DISSENT BY: LERNER
DISSENT: Lerner, P. J. (Dissenting).
I respectfully dissent and vote to reverse. The plaintiff, who did not reside on the premises, is unable to demonstrate the existence of any duty owed to him or of any breach of a duty.
While the majority posits liability on the ” inadequacy of security measures”, the test imposed by the Court of Appeals is one of “minimal” security ( Burgos v Aqueduct Realty Corp., 92 NY2d 544; [***9] Miller v State of New York, 62 NY2d 506). To submit the issue of whether security was “adequate” to a jury is to virtually direct a verdict against the landowner. Obviously the security was inadequate. Had it been adequate to prevent the assault upon plaintiff, there would have been no assault. The “adequate security” formula would cast these defendants in the role of insurers. It is respectfully suggested that this is not a role contemplated by the Legislature or by the Court of Appeals.
In the case at bar, defendants, which were apprised of the high level of crime in the building, adopted security measures which were reasonable under the circumstances and were more than “minimal”. In doing so they satisfied their duty to provide minimal security. There were security guards on the premises. The plaintiff himself was one. A landowner who allocates substantial resources for security should be deemed to have satisfied its minimal duty. It cannot guarantee that the security measures will prevent a particular crime; it cannot guarantee that the security devices will not be vandalized.
To suggest that because a letter was sent to the landowner recommending [***10] that the guards be armed (these guards were not), and that this assault would not have occurred but for that purported deficiency, requires a very great leap of faith. As a matter of cruel fact, it has too often been demonstrated that even the presence of highly armed and well trained soldiers cannot insure the safety of certain premises.
The letter sent to the landowner advising it of the high level of crime and recommending a minimum of six armed guards [*228] accompanied by dogs is immaterial. Foreseeability does not give rise to a duty where none otherwise exists ( Pulka v Edelman, 40 NY2d 781). To hold that such a letter may suffice to establish a triable issue of fact is to invite [**352] a mass mailing to all residential landowners in high crime areas giving notice of local crime statistics and gratuitously suggesting that armed guards be hired. It should be for the Legislature, if it deems it appropriate, to impose a duty on landowners to provide armed guards, not this Court nor a lay jury.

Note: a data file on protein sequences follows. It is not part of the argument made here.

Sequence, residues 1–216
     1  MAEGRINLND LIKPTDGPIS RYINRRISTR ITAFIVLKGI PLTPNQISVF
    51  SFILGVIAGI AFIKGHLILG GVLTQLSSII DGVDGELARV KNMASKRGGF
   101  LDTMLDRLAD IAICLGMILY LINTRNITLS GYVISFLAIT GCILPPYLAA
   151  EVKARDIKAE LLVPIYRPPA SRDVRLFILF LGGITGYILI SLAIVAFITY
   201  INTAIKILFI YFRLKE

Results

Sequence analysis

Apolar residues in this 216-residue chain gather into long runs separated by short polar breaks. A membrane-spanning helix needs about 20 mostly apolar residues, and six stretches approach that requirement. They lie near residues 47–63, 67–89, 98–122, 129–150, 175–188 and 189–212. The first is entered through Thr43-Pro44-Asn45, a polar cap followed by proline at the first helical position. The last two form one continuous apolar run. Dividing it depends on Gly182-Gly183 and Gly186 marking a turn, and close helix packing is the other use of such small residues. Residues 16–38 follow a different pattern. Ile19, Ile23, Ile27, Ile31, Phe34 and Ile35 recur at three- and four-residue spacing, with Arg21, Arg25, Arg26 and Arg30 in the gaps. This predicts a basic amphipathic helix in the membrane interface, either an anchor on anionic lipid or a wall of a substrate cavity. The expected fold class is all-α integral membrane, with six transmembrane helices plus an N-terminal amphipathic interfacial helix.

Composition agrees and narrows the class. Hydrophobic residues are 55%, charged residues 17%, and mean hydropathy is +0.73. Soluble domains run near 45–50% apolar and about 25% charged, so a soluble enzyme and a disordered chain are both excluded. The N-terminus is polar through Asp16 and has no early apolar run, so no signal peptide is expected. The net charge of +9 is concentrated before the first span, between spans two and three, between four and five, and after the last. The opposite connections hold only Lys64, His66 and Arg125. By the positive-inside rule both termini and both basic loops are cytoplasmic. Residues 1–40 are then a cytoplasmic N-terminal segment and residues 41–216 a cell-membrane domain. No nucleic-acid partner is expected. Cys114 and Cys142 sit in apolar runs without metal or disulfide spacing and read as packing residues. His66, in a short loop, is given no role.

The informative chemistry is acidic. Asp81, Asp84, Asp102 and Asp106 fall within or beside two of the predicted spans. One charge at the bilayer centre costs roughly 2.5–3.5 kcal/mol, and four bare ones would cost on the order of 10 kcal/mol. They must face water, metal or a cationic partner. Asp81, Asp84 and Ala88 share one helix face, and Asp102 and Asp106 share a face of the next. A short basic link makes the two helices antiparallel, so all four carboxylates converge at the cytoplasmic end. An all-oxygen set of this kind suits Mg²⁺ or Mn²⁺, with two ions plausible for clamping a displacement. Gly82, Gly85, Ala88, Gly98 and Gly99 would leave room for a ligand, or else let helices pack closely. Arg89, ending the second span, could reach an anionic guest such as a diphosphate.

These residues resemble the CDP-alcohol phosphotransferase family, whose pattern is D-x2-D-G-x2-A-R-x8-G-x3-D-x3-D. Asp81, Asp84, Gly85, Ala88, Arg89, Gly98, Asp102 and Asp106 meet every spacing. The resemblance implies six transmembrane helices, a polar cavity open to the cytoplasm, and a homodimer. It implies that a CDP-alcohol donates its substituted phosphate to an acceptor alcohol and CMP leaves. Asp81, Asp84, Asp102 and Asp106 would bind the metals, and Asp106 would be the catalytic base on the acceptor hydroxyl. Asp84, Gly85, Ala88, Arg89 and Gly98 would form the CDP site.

In Jacqueline S. v City of New York (81 NY2d 288), the Court of Appeals created a new classification of persons to whom a duty, arising out [***11] of a special relation, would be owed. Under common law, residential landowners and their tenants had no special relation from which a duty of protection flowed.
In Jacqueline S., the Court found that the defendant-landowner did owe a duty, under certain circumstances, to protect a tenant who had been assaulted, thus establishing a special relation between residential landowners and their tenants. The Court held that assuming a high level of crime in a residential building or in the vicinity of the building, the landowner must bear the burden and expense of providing minimal security to the tenants. That the duty was owed to tenants was reiterated in Burgos. To impose liability in this case would require the establishment of a special relation between landowners and non-tenants such as this plaintiff, thus expanding greatly the class of potential plaintiffs.
The record here discloses that not only was more than minimal security provided but that defendants’ security devices were routinely destroyed by tenants and non-tenants. Residential landowners cannot be expected to maintain a constant vigil to ensure the integrity of the security measures which were provided. To [***12] demonstrate a breach of duty, even were one to exist, there must be a showing of some departure from accepted standards of reasonable care. There was no such showing here.
Defendants’ acts were reasonable as a matter of law. To hold otherwise will permit a jury to find that a duty is owed to protect outsiders (non-tenants) from outsiders (intruders). The existence of a duty to keep tenants safe in their homes should not be expanded to posit a duty to those who have no justifiable expectation that they would be provided such security and from whom the cost of these security measures cannot be recovered. To hold otherwise will permit a jury to find that, notwithstanding the expenditure of substantial monies for security, “minimal” security was not provided.